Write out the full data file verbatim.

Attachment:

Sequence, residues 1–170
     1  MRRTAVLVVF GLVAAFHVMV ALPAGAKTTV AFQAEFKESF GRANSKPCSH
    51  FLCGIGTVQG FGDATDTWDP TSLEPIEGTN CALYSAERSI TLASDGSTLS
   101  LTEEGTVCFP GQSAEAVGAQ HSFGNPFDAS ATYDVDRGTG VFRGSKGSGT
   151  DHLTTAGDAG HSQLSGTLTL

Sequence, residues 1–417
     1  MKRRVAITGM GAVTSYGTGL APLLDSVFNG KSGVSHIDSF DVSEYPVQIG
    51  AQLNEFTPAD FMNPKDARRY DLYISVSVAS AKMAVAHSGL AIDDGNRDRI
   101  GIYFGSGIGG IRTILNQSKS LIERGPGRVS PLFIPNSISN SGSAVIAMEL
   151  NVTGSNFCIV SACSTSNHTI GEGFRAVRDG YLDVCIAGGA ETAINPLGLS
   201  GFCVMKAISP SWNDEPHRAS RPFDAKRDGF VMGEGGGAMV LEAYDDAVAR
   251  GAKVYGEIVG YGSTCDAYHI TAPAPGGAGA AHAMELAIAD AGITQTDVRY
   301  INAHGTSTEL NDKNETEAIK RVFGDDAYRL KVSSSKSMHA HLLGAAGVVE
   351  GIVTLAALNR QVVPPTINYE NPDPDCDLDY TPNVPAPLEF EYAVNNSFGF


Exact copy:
Sequence, residues 1–170
     1  MRRTAVLVVF GLVAAFHVMV ALPAGAKTTV AFQAEFKESF GRANSKPCSH
    51  FLCGIGTVQG FGDATDTWDP TSLEPIEGTN CALYSAERSI TLASDGSTLS
   101  LTEEGTVCFP GQSAEAVGAQ HSFGNPFDAS ATYDVDRGTG VFRGSKGSGT
   151  DHLTTAGDAG HSQLSGTLTL

Sequence, residues 1–417
     1  MKRRVAITGM GAVTSYGTGL APLLDSVFNG KSGVSHIDSF DVSEYPVQIG
    51  AQLNEFTPAD FMNPKDARRY DLYISVSVAS AKMAVAHSGL AIDDGNRDRI
   101  GIYFGSGIGG IRTILNQSKS LIERGPGRVS PLFIPNSISN SGSAVIAMEL
   151  NVTGSNFCIV SACSTSNHTI GEGFRAVRDG YLDVCIAGGA ETAINPLGLS
   201  GFCVMKAISP SWNDEPHRAS RPFDAKRDGF VMGEGGGAMV LEAYDDAVAR
   251  GAKVYGEIVG YGSTCDAYHI TAPAPGGAGA AHAMELAIAD AGITQTDVRY
   301  INAHGTSTEL NDKNETEAIK RVFGDDAYRL KVSSSKSMHA HLLGAAGVVE
   351  GIVTLAALNR QVVPPTINYE NPDPDCDLDY TPNVPAPLEF EYAVNNSFGF